In other words, the truth behind my statement of free will existing and not being due to God is this: God doesn’t cooperate with others to be regarded as (truly) good enough to offer free will to just anyone. Anyone who is good enough would share free will equally, not take it for their self, and so wouldn't take the place of "supreme ruler". To note, in most people’s eyes, God disregards Satan’s “evil” beliefs as much as Satan disregards God’s “good” ones. So there is no honest goodness happening between them … in religion. But in reality, there are endless possibilities of real people with various beliefs that can all be considered equally good people if they would just cooperate (like in the real world?).

Wouldn’t it be nice if diversity didn’t mean opposition half the time?

Sheldon's picture
Logic is a method of

Logic is a method of reasoning based on ***strict principles of validation.***

You don't get to have "Your own logic" it's a risible contradiction. What you've "discovered" is your own unevidenced subjective opinion, nothing more. It is the very antithesis of logic though.

Also your whole post is dismissed in the fashion it is offered.

Hitchens's razor applied.

Calilasseia's picture
I have something interesting

I have something interesting to bring to the table here, but before I do, I thought I'd take a quick peek at some relevant posts, given that this thread is relatively short ...

I would think that you can be all knowing and all powerful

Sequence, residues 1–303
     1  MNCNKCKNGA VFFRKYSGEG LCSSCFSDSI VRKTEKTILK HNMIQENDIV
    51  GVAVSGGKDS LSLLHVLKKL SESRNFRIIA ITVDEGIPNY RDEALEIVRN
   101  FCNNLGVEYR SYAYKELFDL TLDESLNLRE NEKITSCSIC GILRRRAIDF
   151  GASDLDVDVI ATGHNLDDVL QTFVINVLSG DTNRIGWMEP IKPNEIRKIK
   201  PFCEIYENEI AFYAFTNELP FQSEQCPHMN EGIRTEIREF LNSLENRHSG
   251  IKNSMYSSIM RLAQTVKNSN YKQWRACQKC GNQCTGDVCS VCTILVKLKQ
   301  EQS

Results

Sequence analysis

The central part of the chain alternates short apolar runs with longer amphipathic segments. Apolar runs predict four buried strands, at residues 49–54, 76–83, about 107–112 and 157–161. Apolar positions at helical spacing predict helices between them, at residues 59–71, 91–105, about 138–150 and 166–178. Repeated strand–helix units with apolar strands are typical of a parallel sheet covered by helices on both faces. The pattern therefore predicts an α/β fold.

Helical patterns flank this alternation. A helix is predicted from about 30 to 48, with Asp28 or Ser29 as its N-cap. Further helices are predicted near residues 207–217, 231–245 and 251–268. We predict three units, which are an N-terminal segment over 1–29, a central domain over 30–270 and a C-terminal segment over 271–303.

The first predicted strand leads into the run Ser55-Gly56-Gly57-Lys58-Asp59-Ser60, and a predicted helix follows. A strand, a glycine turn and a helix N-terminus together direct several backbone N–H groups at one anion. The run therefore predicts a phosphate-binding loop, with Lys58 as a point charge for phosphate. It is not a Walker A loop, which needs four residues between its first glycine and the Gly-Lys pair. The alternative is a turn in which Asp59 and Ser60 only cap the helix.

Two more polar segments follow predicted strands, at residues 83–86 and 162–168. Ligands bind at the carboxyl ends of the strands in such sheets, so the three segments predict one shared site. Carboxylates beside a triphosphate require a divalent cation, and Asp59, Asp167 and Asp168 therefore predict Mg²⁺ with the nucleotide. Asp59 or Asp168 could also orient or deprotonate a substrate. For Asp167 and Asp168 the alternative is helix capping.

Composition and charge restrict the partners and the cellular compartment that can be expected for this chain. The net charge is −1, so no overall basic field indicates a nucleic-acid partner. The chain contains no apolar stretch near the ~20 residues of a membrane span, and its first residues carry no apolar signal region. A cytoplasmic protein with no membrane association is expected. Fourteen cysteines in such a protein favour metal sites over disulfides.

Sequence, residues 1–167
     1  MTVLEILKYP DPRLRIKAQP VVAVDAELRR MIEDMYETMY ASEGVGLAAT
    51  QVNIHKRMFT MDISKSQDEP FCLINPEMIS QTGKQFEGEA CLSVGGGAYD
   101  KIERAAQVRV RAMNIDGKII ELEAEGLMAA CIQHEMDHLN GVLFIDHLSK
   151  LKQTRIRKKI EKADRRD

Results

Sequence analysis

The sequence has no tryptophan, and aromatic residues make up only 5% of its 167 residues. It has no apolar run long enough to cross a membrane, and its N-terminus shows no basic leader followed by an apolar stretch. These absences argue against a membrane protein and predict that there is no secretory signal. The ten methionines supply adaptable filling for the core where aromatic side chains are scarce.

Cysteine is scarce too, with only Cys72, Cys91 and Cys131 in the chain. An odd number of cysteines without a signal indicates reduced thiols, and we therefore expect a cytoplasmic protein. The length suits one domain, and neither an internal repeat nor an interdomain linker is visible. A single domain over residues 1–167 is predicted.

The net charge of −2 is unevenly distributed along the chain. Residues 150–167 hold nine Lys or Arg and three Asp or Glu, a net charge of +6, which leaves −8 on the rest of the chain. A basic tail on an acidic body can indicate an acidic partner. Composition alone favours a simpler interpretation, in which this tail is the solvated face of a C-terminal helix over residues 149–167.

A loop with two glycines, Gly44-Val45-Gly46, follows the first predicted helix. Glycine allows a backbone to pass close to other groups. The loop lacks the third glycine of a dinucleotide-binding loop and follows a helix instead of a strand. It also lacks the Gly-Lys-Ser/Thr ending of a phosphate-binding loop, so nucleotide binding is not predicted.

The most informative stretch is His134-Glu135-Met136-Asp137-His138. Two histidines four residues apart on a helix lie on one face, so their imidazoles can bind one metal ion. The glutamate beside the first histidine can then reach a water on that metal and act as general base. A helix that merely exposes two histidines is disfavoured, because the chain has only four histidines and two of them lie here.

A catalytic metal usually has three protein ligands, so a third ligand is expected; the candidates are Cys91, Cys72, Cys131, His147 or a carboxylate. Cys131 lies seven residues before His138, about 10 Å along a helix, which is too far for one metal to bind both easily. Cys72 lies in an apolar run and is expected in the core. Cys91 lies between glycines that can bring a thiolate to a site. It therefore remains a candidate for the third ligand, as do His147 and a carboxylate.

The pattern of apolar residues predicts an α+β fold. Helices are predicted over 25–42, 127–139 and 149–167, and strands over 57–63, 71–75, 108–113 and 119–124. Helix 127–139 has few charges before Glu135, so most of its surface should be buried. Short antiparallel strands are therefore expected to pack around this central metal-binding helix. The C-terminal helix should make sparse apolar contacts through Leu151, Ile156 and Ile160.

This on its own constitutes a mutual contradiction. Because in order to be all-knowing, this would imply by definition that the future is pre-determined, and as a corollary, one is unable to change that future, which places a constraint upon one's power of future action. Therefore the two attributes cannot be consistently possessed by the same entity.

yet others the freedom to act according to their own will.

Which directly contradicts being in a position to know the future, because you have given another entity the ability to modify that future in potentially unpredictable ways by definition.

One cannot escape this by apologetically asserting that one knows all possible futures, because the one thing one does not know, once again by definition, is which of those futures will be realised.

You know the outcome in advance, you allow it to happen but you can still allow someone to choose something and experience the consequences of that choice.

Utter nonsense. If you know the outcome in advance, then there is no choice for that other entity, because by definition, the future is pre-determined. There is no escape from the paradox you've erected for yourself here.

A simple example would be if I saw an ant walking towards glue, I know he is going to get stuck, he doesn't know it. I can allow that ant to continue on its path freely even though I know the outcome of him choosing to do so.

What you know here is contingent knowledge, namely, knowledge that by definition, depends upon an outcome that may or may not happen. Because the ant could decide to veer away at the last moment, or earlier. If you know with absolute certainty that the ant will walk into the glue, then by definition, once again, the future is pre-determined, and neither you nor the ant can alter it.

Moving on ...

I didn't read all of your reply, but I guess I believe God is outside of time. Thus capable of being all knowing and allowing for decisions. I don't believe time exists for God. All moments are as if present.